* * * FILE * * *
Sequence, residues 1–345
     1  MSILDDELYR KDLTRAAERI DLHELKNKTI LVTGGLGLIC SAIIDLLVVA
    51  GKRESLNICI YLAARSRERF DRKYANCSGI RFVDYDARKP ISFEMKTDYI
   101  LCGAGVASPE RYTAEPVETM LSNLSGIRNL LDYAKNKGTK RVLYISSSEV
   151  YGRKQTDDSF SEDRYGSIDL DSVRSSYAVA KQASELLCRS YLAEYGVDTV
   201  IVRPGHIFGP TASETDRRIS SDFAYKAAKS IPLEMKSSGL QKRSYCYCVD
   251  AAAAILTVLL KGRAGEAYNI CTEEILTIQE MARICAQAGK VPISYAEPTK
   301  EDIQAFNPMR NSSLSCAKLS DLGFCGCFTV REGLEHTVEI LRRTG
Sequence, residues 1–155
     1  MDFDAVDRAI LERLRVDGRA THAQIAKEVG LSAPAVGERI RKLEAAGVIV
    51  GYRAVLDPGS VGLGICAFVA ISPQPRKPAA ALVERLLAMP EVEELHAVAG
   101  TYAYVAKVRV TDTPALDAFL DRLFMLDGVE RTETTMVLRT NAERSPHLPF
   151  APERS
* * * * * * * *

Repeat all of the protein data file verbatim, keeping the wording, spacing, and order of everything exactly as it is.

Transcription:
Sequence, residues 1–345
     1  MSILDDELYR KDLTRAAERI DLHELKNKTI LVTGGLGLIC SAIIDLLVVA
    51  GKRESLNICI YLAARSRERF DRKYANCSGI RFVDYDARKP ISFEMKTDYI
   101  LCGAGVASPE RYTAEPVETM LSNLSGIRNL LDYAKNKGTK RVLYISSSEV
   151  YGRKQTDDSF SEDRYGSIDL DSVRSSYAVA KQASELLCRS YLAEYGVDTV
   201  IVRPGHIFGP TASETDRRIS SDFAYKAAKS IPLEMKSSGL QKRSYCYCVD
   251  AAAAILTVLL KGRAGEAYNI CTEEILTIQE MARICAQAGK VPISYAEPTK
   301  EDIQAFNPMR NSSLSCAKLS DLGFCGCFTV REGLEHTVEI LRRTG
Sequence, residues 1–155
     1  MDFDAVDRAI LERLRVDGRA THAQIAKEVG LSAPAVGERI RKLEAAGVIV
    51  GYRAVLDPGS VGLGICAFVA ISPQPRKPAA ALVERLLAMP EVEELHAVAG
   101  TYAYVAKVRV TDTPALDAFL DRLFMLDGVE RTETTMVLRT NAERSPHLPF
   151  APERS